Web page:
Dateline: February 2, 2006

Here it is February again. Only six weeks until spring springs on us. We have a waiting room full of interesting people with questions, so let's get started.

From Mike: Why does popcorn pop, while regular corn does not? Also, how are corn nuts made?

Hi Mike: Popcorn is different from regular corn in that it has a harder shell and is more compact. It may be the original strain of corn from ancient times. There is a bit of moisture in the center of the kernel that is there to nourish the baby corn plant when it hatches. When the corn is heated to the boiling point of water, the moisture changes to steam. When water changes to steam, its volume increases twelve times. All this volume has to have a place to go so the shell holds it as long as it can, then lets go with a "pop". In this popping process the starch inside the kernel forms small bubbles that stick together just like a slice of bread. If this didn't happen, you would just have a pop and no corn. Popcorn can get too dry so that there is no moisture left in the kernel, and then it will not pop. Moisture can be put back into the kernels, but it's a long process and it's cheaper and easier to just buy some new popcorn.

Corn nuts are related closely to parched corn, which is one of man's oldest cooked foods. Parched corn is made by heating regular corn until it gets brown and swells slightly. This makes the kernel tender enough to chew. It's a Flintstone version of grits.

Corn nuts are fried corn. You soak a cup of dried corn in two cups of water in the icebox for three days. Then you dry it off as best you can and fry it in hot oil. The oil is going to spatter and pop, so be careful it you try this. The kernels will sink to the bottom when you first put them in. When they float back to the top they should be done. You can fish one out and cool it enough to chew on it. If it's chewy, it needs to cook a little longer. The kernels will be crisp when they are done.

If you want to try making parched corn or corn nuts, get your corn from a health food store or some like establishment. Don't use the "deer" corn. I don't know what they might put on that. Or if you have a place to dry your own corn, get some nice roasting ears and dry them.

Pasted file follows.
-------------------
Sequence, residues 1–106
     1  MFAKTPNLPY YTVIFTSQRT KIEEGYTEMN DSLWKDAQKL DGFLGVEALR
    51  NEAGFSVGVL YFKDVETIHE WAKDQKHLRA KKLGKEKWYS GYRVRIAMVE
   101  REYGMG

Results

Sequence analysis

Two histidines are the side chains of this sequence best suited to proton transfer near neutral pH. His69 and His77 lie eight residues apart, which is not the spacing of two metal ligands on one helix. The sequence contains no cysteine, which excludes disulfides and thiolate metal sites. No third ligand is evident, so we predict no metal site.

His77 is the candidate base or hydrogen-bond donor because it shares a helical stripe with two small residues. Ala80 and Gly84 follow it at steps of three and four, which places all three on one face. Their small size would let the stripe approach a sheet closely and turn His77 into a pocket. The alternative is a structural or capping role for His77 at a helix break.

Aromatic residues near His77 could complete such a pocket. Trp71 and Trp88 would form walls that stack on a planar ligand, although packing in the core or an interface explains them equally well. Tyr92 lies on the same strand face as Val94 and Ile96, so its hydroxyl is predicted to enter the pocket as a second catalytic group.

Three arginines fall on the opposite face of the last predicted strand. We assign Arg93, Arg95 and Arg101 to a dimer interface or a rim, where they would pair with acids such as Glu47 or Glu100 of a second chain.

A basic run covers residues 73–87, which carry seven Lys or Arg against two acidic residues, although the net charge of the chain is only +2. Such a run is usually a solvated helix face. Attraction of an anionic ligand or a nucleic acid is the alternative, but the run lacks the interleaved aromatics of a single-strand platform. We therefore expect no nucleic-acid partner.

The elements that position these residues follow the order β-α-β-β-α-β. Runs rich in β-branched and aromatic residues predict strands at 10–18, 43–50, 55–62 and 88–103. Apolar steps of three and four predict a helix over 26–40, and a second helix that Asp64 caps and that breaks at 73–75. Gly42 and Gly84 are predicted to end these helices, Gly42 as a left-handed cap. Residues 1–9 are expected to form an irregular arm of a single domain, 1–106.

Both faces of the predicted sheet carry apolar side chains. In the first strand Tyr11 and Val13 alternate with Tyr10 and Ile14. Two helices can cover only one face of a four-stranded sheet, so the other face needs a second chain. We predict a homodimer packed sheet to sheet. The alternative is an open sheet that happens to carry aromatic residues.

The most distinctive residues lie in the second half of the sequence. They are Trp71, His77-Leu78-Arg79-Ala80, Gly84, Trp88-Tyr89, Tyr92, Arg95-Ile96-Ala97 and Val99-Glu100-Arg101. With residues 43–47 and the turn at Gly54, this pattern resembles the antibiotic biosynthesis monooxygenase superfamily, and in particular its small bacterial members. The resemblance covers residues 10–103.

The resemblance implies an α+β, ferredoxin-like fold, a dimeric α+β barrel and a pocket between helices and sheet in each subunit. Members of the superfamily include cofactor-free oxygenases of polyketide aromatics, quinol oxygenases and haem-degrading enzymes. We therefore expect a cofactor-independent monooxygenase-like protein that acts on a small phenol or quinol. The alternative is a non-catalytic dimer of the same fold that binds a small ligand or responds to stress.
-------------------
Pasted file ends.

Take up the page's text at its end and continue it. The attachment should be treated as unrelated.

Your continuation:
Don't ask me how corn flakes are made.
Dr. John

From Susan: How are you doing? I smoked that lobster and it came out pretty good. Now I am looking for a recipe for smothered quail. I remember eating it growing up when my dad would go hunting. But the cooks at our restaurant made them, and it has been closed for a few years now. Have a great Christmas and New Year. Keep up the great work. It is such a great source for those of us that are not back home.

Hi Susan: For your regular smothered quail: First off, you wash the quail real good and pat them dry with clean cloth or paper toweling. Season inside and out with salt and pepper. Melt some butter or shortening in a heavy skillet and brown the birds on all sides. Put them in a baking dish.

When you have them all brown, use the pan drippings to make the sauce. You need about three tablespoons of the drippings. Add some butter if there is not enough. Whisk in three tablespoons of all-purpose flour. Whisk it until it just starts to brown. Add two cups of chicken broth. Season with salt and pepper. Easy on the salt as the broth is salty. Whisk it good so lumps don't form. When it starts to bubble real good and gets thick, pour it over the birds in the baking dish. Put them in a 350F degree oven for 30 to 45 minutes. That should do it.

To perk up the sauce, sauté in about three or four tablespoons of minced onion with the flour when you are browning it. Then proceed as above.

You might want to try a cream sauce sometime. Instead of the broth, use milk in the recipe. And you have to try one batch made with your favorite barbecue sauce rather than the regular sauce. Good eating.
Dr. John

From Marvin: We are looking for a recipe for the brine for corned beef. Thanks.

Hi Marvin: Give this one a try.

Boil the water. Dissolve the salt and saltpeter in it. Let it cool; add the rest of the stuff. Steep the brisket three weeks in the brine.

Thanks for writing.
Dr. John

From Madelyn: Do you have a recipe for brick chili?

Hi Madelyn: Brick chili is just plain chili cooked with less liquid. You have to be careful not to scorch it when making it thick. You can mold it in any suitable container. For a big batch, a bread pan works fine. It has to be kept in the icebox or freezer. Thanks for writing.
Dr. John

From Thomas: Is it wrong to use oak that is a year old on my smoker? And is it wrong to use a flavor injector on a brisket.

Hi Thomas: Age is good for smoking wood. The wood needs to be properly dried before use. A year would be about right for a starter. The only thing you would want to avoid is wood that has turned pulpy (soft) due to dry rot.

You can use the injector on brisket. There may be some discoloration where it is applied, but that will not hurt anything. Thanks for writing.
Dr. John